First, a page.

Her substance use disorder brought her to CCC’s Hooper Detox, and from there she engaged with CCC’s 8x8 Recovery Housing program, where she started developing the tools and skills for successful long-term recovery. Her case manager recognized Kellie’s difficulty with memory and referred her to the BEST program, if only for an initial assessment to see if her difficulties would qualify her for Social Security. That’s where she met Marshal, a BEST specialist.

“I found Kellie to be very eager and motivated to engage in the BEST process. As I reviewed her case I read the story of someone who faced significant barriers to work but who, despite much suffering and hardship, continued to persevere,” recollects Marshal.

So far, the 1,600+ benefits awards BEST has won has brought in nearly $65 million to Portland and Multnomah County. That’s $65 million pumped into the local economy through rent, groceries, and other daily economic activity.

Together, Marshal and Kellie dived into the process. They explored Kellie’s understanding of her impairments and how they impacted her daily life. Marshal took her to a psychologist for a cognitive evaluation, helped her complete a phone interview with the Social Security office, met with her to review her work history, and again to go over little details to further strengthen her claim. Marshal and his BEST colleagues reviewed all her medical records, wrote a detailed report summarizing their argument for Kellie’s behalf, and kept in regular contact with SSA and DDS. Through it all, he made sure to keep the line of communication with Kellie as open and inviting as possible, earning and nurturing a sense of mutual trust.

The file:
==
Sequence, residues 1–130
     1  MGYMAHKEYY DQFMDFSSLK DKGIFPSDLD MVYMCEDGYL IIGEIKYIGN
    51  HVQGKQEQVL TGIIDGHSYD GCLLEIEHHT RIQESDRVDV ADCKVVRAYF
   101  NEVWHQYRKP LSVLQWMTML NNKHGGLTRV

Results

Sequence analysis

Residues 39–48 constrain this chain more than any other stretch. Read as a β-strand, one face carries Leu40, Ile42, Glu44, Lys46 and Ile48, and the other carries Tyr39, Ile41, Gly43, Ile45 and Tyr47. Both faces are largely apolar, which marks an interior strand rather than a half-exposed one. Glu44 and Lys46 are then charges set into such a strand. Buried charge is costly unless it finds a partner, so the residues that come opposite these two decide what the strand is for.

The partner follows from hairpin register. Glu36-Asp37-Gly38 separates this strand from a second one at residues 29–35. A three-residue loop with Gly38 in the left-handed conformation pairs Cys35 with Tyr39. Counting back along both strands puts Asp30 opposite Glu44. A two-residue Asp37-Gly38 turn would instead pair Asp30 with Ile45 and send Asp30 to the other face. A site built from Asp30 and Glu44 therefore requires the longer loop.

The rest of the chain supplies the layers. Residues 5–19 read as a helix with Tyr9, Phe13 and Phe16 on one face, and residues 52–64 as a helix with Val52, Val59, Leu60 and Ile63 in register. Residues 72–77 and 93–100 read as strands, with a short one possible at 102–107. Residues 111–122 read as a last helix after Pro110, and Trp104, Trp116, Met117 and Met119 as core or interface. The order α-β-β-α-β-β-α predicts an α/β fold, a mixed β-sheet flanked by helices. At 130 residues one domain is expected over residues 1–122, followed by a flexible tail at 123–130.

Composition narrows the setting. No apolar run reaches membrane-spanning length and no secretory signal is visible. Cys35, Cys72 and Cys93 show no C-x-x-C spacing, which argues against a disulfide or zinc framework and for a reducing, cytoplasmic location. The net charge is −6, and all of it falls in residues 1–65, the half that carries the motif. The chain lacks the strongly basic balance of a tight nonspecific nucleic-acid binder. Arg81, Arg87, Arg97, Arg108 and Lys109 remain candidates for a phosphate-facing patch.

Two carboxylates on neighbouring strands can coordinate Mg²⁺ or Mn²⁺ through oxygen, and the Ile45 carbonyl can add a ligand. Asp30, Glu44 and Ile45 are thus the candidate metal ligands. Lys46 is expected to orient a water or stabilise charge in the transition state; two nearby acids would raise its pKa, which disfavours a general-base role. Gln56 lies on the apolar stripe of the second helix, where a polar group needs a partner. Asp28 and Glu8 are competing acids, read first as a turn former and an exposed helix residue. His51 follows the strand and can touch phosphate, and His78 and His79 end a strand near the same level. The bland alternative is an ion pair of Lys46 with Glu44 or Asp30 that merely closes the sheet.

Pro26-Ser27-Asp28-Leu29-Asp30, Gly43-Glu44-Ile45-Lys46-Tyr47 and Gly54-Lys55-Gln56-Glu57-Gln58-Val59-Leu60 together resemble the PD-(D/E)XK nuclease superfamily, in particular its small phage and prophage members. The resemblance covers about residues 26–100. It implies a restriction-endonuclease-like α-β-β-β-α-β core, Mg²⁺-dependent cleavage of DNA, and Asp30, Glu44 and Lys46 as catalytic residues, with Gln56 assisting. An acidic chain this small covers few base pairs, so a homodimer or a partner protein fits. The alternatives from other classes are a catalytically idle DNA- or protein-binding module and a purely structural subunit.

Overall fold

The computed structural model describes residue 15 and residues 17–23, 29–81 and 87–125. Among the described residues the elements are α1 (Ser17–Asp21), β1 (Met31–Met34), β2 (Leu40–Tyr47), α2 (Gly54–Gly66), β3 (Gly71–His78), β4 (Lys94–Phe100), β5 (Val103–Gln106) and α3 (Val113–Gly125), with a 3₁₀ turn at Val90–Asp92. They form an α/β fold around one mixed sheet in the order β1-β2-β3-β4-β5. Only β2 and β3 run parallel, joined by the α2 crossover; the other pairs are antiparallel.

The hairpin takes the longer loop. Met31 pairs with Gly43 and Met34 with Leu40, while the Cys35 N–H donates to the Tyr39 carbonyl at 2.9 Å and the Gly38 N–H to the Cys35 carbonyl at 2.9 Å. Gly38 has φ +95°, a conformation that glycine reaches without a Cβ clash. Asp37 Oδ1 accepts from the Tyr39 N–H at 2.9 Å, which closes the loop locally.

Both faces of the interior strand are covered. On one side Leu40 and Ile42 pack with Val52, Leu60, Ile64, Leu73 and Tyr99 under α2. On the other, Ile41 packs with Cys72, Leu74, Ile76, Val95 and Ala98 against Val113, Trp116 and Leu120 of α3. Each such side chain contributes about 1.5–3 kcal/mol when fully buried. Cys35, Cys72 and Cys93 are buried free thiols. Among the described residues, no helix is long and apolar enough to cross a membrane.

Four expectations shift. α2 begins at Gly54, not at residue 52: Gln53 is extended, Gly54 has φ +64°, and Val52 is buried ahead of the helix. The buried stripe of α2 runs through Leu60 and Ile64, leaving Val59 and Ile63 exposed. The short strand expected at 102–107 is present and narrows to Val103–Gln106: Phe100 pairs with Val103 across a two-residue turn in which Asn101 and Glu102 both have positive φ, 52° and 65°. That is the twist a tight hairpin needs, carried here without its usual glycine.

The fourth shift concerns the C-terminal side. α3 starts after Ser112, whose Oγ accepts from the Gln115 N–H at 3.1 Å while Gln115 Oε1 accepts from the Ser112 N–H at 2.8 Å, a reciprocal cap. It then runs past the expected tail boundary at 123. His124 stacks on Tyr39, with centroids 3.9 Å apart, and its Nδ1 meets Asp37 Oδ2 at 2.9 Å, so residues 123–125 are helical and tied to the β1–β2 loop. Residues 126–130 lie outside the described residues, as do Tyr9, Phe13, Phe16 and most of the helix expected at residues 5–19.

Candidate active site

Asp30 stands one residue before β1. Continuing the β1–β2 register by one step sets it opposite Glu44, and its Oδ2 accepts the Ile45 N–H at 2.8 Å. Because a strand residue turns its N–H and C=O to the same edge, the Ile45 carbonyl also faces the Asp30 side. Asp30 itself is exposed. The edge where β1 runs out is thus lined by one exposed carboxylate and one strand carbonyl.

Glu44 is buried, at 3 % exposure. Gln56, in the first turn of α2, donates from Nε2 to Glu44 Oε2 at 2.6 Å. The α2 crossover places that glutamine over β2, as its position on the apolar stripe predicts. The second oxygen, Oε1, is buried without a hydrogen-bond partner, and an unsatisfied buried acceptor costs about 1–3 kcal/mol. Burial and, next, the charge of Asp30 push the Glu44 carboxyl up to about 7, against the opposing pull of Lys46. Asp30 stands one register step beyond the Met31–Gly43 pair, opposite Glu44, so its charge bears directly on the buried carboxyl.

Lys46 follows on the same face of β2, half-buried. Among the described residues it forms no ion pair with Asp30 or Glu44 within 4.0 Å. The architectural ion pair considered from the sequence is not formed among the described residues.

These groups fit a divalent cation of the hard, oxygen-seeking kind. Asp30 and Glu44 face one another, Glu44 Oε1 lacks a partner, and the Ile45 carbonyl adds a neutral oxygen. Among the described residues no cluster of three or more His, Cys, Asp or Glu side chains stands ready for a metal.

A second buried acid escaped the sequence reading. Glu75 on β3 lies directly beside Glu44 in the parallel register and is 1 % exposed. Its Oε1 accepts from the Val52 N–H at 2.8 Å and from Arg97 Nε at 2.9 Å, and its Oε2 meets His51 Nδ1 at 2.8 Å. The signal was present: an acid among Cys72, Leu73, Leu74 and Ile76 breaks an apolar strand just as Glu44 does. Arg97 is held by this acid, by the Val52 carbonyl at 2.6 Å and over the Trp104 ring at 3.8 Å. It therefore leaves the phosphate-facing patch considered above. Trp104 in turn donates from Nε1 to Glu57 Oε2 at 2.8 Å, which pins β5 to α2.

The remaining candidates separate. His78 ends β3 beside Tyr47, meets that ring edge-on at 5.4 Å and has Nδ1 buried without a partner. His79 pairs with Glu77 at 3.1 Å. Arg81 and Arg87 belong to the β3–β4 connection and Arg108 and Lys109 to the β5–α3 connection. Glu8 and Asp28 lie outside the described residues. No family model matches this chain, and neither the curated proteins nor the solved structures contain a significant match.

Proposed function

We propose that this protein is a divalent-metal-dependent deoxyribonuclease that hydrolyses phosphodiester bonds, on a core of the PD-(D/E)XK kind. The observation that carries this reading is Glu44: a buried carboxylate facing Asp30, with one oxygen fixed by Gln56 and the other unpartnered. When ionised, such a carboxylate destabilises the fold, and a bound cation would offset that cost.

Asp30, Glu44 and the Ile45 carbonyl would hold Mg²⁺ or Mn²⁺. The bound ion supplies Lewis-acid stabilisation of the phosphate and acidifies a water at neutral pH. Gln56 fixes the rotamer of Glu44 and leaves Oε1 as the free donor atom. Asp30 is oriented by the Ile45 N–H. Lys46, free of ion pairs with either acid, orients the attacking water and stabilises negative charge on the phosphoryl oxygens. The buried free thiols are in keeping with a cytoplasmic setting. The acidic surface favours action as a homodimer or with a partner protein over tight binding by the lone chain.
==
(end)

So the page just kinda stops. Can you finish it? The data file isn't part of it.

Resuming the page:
Stacks of paperwork that grow to a foot high over the course of building a client's case are a common sight in the BEST office.“I felt nervous at first about [applying]. And there were times when were times I felt overwhelmed by the questions,” Kellie says. “But Marshal was really encouraging and supportive.”

Kellie and Marshal had good reason to feel optimistic about her chances once they sent in her application. Due to their fluency in the system, BEST wins 67 percent of their initial applications, compared to 32 percent of applicants from the general population. To put BEST’s expertise even more starkly, only 15 percent of applicants nationwide who are homeless are awarded benefits. The program’s close relationship and coordination with SSA and DDS mitigate many of the stumbling blocks that lead to unsuccessful applications.